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DP World Buys Spanish Towage Firm

DP World subsidiary P&O Maritime has bought international Spanish towage company Reyser, with operations in Canada, Yemen and Trinidad and Tobago.

DP World’s purchase will consolidate its Spanish market position in while allowing it to diversify and geographically expand its business, it said.

Reyser is part of 140-year-old Spanish industrial equipment, automotive, energy and logistics services company, Bergé y Cía.

It has provided tug and moorage service in 10 Spanish ports and internationally since 2007, supplying moorage services in Canada and later at in Bal-Haf in Yemen.

The company owns 151 vessels, of which 20 are tug boats, 53 are mooring boats, 5 are bunkering vessels and 73 are ships used for environmental services.

With a client base that extends abroad, it services two international LNG terminals at Saint John in Canada and Point Fortin in Trinidad and Tobago.

DP World Group Chairman and CEO, Sultan Ahmed Bin Sulayem, said: “We are delighted to make this acquisition which underlines the further development of the group’s maritime services business.

“As a global trade enabler we have been developing it globally spearheaded by the world renowned P&O Maritime brand to complement our core business of ports and terminals.

“This is all part of our broader strategy to grow complementary sectors in the global supply chain such as industrial parks, freezones and logistics supported by new technologies adding value for all our stakeholders.”

Rado Antolovic, Managing Director of P&O Maritime, said: “We are confident about the medium-to long term growth potential of this business and our ability to drive sustainable value for all stakeholders.”

The acquisition is still subject to regulatory approvals.

Source: Porttechnology.org

Rimorchiatori Riuniti takes over Augustea’s towage arm

Rimorchiatori Riuniti will take over Augustea Holding’s subsidiary Augustea Imprese Marittime e di Salvataggi in a deal worth some €75m ($85m). Following this agreement due to be finalised in the coming days, the Genoa-based shipping group led by the Delle Piane and Gavarone families will take control of a fleet of 16 tugs deployed in the Sicilian ports of Augusta, Catania and Pozzallo, plus four ocean going tugs. Augustea Imprese Marittime e di Salvataggi is also active in Venezuela with two tugs offering services to one of the country’s main coal terminals. With this deal the group chaired by Lucio Zagari and led by his son Raffaele Zagari as ceo will be able to focus on dry bulk and offshore maritime transport activities.

On the other hand Rimorchiatori Riuniti with this take over will consolidate its market position in the Italian harbour towage business operating now, alone or through joint ventures with other entities, in the ports of Genoa, Salerno, Ravenna, Ancona, Pescara, Termoli, Ortona, Vasto and Trieste with a fleet made up of 100 tugs. Rimorchiatori Riuniti and Augustea will remain both involved in offshore and deepsea towing services respectively with Finarge and Augustea Ship Management.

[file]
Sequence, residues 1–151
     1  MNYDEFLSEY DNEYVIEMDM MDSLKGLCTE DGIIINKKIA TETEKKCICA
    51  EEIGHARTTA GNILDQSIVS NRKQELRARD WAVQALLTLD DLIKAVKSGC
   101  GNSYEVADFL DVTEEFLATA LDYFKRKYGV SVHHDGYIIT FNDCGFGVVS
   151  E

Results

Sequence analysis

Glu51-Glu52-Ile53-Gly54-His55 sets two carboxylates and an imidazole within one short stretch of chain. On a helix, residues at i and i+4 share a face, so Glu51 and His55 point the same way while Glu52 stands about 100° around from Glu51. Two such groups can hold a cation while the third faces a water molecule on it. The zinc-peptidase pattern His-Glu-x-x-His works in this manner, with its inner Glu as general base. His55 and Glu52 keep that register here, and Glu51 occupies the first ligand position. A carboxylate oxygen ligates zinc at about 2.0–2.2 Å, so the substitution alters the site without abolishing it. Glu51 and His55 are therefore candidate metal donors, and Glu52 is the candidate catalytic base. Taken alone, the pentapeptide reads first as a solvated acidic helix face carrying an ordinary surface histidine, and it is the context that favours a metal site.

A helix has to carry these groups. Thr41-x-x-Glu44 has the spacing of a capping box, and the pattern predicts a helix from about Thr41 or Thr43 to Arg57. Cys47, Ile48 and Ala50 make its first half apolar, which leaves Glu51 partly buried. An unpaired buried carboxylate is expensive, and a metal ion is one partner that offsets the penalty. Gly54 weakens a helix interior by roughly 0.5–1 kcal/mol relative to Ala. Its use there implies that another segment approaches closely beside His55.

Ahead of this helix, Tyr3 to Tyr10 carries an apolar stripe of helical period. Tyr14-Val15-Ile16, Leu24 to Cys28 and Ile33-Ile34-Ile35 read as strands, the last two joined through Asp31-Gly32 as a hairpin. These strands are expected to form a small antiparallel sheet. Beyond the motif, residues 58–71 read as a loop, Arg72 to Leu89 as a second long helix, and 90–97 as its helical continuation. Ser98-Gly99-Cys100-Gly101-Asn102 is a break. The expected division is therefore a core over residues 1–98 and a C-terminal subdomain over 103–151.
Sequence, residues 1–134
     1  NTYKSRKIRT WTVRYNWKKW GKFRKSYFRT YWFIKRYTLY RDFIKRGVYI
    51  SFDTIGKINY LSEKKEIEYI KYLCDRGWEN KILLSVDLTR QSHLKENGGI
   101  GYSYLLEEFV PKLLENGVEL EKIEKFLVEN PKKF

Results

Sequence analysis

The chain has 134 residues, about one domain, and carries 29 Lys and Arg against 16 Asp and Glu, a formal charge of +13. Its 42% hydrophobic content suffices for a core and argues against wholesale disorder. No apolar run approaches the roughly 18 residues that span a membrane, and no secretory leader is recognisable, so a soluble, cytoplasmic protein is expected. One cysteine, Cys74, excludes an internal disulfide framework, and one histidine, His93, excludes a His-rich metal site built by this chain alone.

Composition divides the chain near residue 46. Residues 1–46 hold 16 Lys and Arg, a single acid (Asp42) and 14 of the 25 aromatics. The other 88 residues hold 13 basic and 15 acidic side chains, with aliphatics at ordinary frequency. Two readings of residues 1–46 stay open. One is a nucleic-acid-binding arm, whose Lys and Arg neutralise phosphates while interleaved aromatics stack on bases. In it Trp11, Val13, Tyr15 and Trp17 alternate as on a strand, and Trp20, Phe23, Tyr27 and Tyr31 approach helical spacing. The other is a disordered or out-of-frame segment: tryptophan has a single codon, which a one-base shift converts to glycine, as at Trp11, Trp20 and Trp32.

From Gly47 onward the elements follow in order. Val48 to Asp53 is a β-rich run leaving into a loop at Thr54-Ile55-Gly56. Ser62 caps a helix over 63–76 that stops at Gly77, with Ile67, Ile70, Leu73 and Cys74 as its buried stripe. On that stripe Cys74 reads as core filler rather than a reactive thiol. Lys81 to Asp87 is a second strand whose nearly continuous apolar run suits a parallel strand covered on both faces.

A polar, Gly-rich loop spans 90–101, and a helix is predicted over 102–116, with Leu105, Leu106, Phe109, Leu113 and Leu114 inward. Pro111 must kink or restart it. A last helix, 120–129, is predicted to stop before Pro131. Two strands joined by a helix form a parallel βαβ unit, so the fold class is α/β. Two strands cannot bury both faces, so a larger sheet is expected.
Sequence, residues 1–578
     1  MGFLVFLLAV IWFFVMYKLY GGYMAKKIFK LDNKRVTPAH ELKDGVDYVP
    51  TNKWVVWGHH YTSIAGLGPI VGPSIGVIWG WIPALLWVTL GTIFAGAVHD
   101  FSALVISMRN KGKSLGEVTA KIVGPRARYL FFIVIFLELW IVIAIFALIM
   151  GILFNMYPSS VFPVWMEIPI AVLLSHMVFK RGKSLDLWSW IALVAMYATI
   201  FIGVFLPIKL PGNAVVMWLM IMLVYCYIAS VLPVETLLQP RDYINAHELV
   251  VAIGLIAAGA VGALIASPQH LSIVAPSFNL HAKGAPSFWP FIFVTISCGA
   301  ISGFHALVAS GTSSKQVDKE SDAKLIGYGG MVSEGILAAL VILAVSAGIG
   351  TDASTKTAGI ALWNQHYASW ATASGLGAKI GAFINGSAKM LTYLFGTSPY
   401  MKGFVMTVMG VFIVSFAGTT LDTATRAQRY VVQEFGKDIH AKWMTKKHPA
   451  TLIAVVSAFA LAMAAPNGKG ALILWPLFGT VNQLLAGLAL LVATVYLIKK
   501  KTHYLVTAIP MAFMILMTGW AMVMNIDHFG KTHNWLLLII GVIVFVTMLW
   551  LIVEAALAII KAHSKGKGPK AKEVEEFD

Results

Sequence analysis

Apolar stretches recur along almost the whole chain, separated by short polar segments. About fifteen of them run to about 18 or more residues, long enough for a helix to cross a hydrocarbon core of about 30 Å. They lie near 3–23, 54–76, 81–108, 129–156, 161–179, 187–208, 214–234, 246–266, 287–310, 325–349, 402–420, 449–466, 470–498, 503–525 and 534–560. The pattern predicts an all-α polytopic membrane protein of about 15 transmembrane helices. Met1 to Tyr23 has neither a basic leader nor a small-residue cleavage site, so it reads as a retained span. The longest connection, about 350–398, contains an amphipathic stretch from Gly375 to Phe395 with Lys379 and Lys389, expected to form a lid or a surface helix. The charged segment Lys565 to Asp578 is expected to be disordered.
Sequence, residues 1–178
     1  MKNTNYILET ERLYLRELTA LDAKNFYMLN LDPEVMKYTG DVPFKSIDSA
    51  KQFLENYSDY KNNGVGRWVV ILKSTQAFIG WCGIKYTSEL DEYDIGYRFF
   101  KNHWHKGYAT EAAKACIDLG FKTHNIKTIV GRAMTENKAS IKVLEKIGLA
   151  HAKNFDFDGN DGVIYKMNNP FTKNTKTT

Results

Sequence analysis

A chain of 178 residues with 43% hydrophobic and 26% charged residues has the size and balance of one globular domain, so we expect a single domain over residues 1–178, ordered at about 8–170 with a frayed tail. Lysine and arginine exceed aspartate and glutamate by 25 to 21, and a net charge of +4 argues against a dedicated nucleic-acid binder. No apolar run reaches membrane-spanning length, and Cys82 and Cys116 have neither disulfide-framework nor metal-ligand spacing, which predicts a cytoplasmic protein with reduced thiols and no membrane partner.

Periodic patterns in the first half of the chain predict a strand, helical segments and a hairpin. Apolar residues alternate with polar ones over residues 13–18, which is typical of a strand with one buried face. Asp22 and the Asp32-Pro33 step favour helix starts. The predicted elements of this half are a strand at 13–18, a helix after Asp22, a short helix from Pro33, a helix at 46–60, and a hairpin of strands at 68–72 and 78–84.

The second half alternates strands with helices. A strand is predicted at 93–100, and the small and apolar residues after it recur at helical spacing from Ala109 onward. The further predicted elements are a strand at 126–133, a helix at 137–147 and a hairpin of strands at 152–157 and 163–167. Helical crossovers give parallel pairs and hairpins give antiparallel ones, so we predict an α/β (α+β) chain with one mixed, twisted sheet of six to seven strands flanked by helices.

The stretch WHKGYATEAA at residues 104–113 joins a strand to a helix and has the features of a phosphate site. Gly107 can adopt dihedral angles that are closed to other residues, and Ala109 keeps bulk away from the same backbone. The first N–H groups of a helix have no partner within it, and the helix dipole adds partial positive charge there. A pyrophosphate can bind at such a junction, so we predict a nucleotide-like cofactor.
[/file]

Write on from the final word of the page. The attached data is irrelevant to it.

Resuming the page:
Raffaele Zagari commented on the deal saying: “The offer received from Rimorchiatori Riuniti group will make it possible for us to concentrate future development strategy to strengthen our market position in dry bulk and ocean going tugs where several opportunities are emerging due to the present crisis time”.

See the stomach-churning tugboat effort to take a Russian aircraft carrier under tow

Video footage has emerged of the incredible effort required by the Russian tugboat Nikolay Chiker in 2012 to rescue the aircraft carrier Admiral Kuznetsov when its trouble-prone engines broke down during heavy weather in the Bay off Biscay, off the coast of Spain and France.

Russia’s largest warship was returning from a diplomatic visit to strife-torn Syria: A sign of Russia’s support for President Assad which would be borne out by the deployment of combat jets there in September this year.


The ocean-going tugboat is seen bobbing like a cork as it manoeuvres in heavy waves alongside the powerless 43,000 tonne warship. One miscalculation — one surprise lurch — could result in catastrophe.

The entire effort was to fire a line — you can see the smoke trail — between the two ships.

This would, in turn, be used to haul a much heavier cable into place.

The tugboat would then gradually take up the tension, and drag the mammoth aircraft carrier all the way back to Russia for repairs.

Admiral Kuznetsov was spotted again last year passing through the English Channel after another visit to the Mediterranean.

source: News Ltd